3. The respondents then filed a petition in the High Court of Gujarat for a declaration that Rule 5 Sub-rule (2) of the Bombay Cinema Rules, 1954, infringes Article 19(1)(f) & (g) of the Constitution and for a direction calling upon the Government of the State of Gujarat to grant 'no objection certificate' as applied for by them for setting up a cinematograph theatre in the 'annexe' and for an order quashing or setting aside the communications from the District Magistrate and the order in appeal passed by the State of Gujarat and to direct the State of Gujarat and the District Magistrate to consider the application of the respondents for 'no objection certificate' in accordance with law. The High Court of Gujarat upheld the contention raised by the respondents and set aside the orders of the State Government and of the District Magistrate. The High Court directed that a writ of mandamus be issued directing the State Government to permit the District Magistrate to issue a 'no objection certificate' and the District Magistrate to issue such a certificate to the respondents as prayed in their application. The State of Gujarat has appealed to this Court with special leave.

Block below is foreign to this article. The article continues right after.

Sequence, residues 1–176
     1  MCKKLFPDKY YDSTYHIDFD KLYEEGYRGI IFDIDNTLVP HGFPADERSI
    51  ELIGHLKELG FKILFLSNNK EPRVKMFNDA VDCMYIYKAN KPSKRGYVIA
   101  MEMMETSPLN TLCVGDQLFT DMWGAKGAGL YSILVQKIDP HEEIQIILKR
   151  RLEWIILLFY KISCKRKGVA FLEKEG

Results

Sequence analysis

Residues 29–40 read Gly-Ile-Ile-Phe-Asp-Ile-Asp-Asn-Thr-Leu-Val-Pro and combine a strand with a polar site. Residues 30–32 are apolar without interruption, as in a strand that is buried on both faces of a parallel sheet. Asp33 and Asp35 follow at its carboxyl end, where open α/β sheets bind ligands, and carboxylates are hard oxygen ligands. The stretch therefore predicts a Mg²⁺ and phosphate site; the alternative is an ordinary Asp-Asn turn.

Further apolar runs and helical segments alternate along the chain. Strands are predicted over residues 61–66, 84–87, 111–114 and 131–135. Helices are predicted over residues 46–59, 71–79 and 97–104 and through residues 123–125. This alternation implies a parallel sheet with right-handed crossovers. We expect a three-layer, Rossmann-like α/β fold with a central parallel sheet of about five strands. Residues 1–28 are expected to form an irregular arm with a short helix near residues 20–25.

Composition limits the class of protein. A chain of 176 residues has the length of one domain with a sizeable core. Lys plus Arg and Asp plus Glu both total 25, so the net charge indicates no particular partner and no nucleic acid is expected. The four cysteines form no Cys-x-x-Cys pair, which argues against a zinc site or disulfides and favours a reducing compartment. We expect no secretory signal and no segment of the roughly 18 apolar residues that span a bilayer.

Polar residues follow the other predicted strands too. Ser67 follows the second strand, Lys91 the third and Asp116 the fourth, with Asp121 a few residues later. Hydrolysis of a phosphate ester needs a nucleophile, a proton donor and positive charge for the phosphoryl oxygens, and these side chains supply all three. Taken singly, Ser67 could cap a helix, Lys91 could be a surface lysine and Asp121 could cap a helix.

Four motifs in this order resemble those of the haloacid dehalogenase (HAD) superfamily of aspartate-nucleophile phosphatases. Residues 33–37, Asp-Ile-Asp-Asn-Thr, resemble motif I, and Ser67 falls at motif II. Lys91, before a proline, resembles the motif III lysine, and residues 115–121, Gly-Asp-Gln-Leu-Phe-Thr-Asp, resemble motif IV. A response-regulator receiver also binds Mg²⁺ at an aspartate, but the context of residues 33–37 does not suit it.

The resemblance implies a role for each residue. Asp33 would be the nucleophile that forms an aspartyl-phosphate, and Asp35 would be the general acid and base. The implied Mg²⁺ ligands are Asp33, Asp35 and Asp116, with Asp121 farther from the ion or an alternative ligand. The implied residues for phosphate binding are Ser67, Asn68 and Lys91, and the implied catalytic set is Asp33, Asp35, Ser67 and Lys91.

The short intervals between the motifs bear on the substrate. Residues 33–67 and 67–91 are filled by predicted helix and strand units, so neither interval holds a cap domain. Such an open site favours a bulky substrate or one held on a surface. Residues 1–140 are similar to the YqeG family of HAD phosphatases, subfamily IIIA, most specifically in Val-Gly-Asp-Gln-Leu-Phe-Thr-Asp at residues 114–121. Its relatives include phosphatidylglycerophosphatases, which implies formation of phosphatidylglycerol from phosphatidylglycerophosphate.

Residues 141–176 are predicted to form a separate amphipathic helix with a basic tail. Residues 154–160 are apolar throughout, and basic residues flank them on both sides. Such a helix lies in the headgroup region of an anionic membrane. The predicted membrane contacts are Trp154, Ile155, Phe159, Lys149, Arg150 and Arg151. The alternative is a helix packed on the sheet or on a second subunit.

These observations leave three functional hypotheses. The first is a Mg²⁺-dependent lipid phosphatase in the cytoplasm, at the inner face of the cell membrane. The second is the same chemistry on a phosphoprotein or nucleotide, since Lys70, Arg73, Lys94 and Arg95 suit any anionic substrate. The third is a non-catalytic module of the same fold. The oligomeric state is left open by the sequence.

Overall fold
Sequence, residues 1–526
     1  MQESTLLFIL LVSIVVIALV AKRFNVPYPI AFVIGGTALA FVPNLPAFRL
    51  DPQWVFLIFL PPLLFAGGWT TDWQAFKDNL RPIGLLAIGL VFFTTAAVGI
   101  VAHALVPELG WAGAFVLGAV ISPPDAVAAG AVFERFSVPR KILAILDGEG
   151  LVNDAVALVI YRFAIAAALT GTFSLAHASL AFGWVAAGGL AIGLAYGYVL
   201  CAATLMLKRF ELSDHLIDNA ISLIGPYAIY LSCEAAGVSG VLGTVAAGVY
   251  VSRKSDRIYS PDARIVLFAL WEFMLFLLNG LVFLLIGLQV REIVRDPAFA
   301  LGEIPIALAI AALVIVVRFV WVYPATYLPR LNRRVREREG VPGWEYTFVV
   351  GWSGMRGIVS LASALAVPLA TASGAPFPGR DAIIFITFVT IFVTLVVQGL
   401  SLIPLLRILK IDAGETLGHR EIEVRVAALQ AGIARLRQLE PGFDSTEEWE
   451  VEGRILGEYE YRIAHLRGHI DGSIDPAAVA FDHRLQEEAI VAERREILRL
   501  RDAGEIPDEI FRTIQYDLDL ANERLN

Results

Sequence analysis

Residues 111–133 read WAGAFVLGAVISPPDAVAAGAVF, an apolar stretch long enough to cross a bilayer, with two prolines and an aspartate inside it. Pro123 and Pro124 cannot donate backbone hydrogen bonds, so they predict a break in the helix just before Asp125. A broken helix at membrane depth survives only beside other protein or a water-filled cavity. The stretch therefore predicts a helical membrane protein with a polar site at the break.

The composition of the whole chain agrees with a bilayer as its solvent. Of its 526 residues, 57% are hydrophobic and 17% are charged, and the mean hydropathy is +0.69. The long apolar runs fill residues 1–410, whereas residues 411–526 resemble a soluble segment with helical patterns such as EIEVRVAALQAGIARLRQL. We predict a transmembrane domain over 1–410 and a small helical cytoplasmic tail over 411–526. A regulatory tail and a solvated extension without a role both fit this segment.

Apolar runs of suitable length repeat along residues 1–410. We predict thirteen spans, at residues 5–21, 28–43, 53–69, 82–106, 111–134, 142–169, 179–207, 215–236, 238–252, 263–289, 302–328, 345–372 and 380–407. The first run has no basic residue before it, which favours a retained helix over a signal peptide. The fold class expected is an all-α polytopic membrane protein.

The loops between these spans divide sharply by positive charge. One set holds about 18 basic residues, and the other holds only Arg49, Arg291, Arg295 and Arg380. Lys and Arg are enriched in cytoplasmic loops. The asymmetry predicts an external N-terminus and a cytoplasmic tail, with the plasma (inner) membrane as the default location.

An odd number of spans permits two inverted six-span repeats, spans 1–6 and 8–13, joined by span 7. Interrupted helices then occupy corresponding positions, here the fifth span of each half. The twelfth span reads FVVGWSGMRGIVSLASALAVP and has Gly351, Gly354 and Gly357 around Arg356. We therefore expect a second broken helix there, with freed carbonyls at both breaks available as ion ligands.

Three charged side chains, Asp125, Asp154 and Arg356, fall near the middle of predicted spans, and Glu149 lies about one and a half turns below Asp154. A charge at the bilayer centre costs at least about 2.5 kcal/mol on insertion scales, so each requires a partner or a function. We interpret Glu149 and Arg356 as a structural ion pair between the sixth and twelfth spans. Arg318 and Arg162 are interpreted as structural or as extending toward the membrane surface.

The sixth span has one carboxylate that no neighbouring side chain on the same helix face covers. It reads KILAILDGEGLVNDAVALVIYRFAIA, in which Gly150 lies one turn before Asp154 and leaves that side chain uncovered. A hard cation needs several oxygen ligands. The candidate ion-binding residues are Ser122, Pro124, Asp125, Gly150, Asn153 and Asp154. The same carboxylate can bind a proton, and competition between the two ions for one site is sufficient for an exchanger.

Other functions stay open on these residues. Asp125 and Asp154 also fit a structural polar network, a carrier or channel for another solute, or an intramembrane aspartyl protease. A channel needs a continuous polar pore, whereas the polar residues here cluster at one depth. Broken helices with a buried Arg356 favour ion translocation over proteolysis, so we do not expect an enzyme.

4. Exhibition of cinematograph films and licensing of places for such exhibition is governed by the Bombay Cinemas (Regulation) Act 11 of 1963. By virtue of the provisions contained in the Bombay State Reorganisation Act, 1960, the Act and the Rules are applicable to the territory of the State of Gujarat. By Section 3 of the Bombay Cinemas (Regulation) Act, 1953, 'save as otherwise provided in the Act no person shall give an exhibition by means of a cinematograph elsewhere than in a place licensed under the Act or otherwise than in compliance with any conditions and restrictions imposed by such licence'. In the town of Rajkot, by virtue of Section 4(3) of the Act the District Magistrate is the Licensing Authority. By Sub-section (1) of Section 5 the Licensing Authority is prohibited from granting a licence unless it is satisfied that the rules made under the Act have been substantially complied with and adequate precautions have been taken in the place, in respect of which the licence is to be given, to provide for the safety of persons attending exhibition therein. By Section (2) subject to the provisions of Sub-section (1) and to the control of tile State Government the Licensing Authority may grant licences under the Act to such persons as that Authority thinks fit. Section 7 authorises the Licensing Authority with power to revoke or suspend a licence. Any person aggrieved by an order of a Licensing Authority, inter alia, refusing to grant a licence or revoking or suspending any licence, may under Section 8A appeal to the State Government : Section 9 provides for the making of the rules for the purpose of carrying into effect the provisions of the Act. By Rule 3, insofar as it is relevant it is provided :